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In Texas, how long after work is ended can a contractor file a lien?

TexasLien DeadlinesMechanics Lien

A contractor is threatening me with a lien 6 months after he quit my job (reconstruction after Harvey) and his charges are fraudelent because I paid in advance for all the work he did. After he left, he "removed" the Harvey discounts he had applied during the 1 year plus taht he worked on my house, and now says I owe him more.

1 reply

Apr 5, 2019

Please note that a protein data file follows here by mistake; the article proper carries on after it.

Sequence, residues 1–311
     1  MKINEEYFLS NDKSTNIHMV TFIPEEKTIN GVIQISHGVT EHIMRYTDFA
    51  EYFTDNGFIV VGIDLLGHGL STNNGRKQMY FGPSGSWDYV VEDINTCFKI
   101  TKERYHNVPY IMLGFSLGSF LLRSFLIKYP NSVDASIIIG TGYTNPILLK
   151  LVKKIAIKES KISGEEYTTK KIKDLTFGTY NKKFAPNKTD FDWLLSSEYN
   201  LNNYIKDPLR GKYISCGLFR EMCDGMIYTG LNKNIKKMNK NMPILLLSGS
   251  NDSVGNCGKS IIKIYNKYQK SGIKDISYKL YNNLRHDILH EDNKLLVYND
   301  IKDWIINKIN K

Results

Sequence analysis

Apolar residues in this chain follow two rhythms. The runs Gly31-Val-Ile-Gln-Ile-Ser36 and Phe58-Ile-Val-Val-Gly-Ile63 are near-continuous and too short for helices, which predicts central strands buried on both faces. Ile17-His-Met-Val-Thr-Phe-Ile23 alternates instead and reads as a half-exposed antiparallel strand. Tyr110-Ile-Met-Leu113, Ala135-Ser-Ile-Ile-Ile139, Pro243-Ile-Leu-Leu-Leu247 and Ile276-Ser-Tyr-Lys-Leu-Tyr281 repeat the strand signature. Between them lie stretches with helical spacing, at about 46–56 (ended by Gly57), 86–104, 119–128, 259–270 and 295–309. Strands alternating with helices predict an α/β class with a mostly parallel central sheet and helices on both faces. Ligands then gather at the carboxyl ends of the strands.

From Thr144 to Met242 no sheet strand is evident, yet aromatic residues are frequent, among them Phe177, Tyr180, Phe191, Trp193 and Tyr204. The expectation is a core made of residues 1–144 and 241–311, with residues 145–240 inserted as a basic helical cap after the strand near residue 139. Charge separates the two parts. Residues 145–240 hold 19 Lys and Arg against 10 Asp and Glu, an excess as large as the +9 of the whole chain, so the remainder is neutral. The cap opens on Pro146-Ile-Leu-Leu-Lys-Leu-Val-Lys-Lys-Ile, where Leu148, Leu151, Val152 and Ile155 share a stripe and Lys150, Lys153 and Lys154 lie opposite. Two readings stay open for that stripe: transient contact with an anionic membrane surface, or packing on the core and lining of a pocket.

I'm really sorry to hear about that. Mechanics liens are intended to help construction businesses when they aren't paid what they're owed - but unfortunately, some bad actors try and use them as leverage to squeeze an owner for undue payment. In any event - let's look at (1) the Texas mechanics lien deadline, (2) what amounts are lienable, and (3) how owners might be able to fend off improper lien claims. In Texas, the deadline to file a mechanics lien on a residential project will be the 15th day of the 3rd month following the month in which the lien claimant last furnished labor or materials to the project. So, where a contractor has been off the job for several months, it's entirely possible that their window for filing a lien claim for unpaid work might have closed. For more information, these Texas Lien Deadline Calendars might be helpful: 2018 Calendar; 2019 Calendar. Next, let's look at what amounts are even subject to a mechanics lien claim. Generally, lien rights exist for amounts owed and unpaid for construction work performed which has permanently improved the project property. Amounts that exceed what is owed are not lienable, and they could even create liability for a lien claimant in the form of a fraudulent mechanics lien filing. In Texas, the penalty for filing a fraudulent mechanics lien is steep - a claimant could be liable for the greater of $10,000 or the actual damages incurred as a result of the claim. With all that being said, it can be hard to fight off a lien claim before it's even filed. Generally, county recorders' offices have neither the bandwidth nor the authority to investigate each claim made. So, when a claim is placed for recording with their offices, generally, the claim can be filed. However, one way owners may be able to fend off a lien claim before it's even filed might be to explain to the prospective lien claimant why their claim would be improper or even considered fraudulent (while also explaining the potential liability for a fraudulent lien claim). When such a letter is sent via an attorney, it tends to carry extra weight. Further, an owner might be able to secure a payment bond that would prevent a lien from attaching directly against their property - though, securing such a bond could be expensive. Ultimately, if the threat of lien becomes serious, it would be wise to consult a local construction or real estate attorney - they'd be able to review the relevant documentation and communications, then advise on how best to proceed under your circumstances. Finally, here are a few resources that might be helpful: (1) I Just Received a Notice of Intent to Lien – What Should I Do Now?; (2) Information on Fraudulent Lien Filings; and (3) Texas Mechanics Lien Overview.
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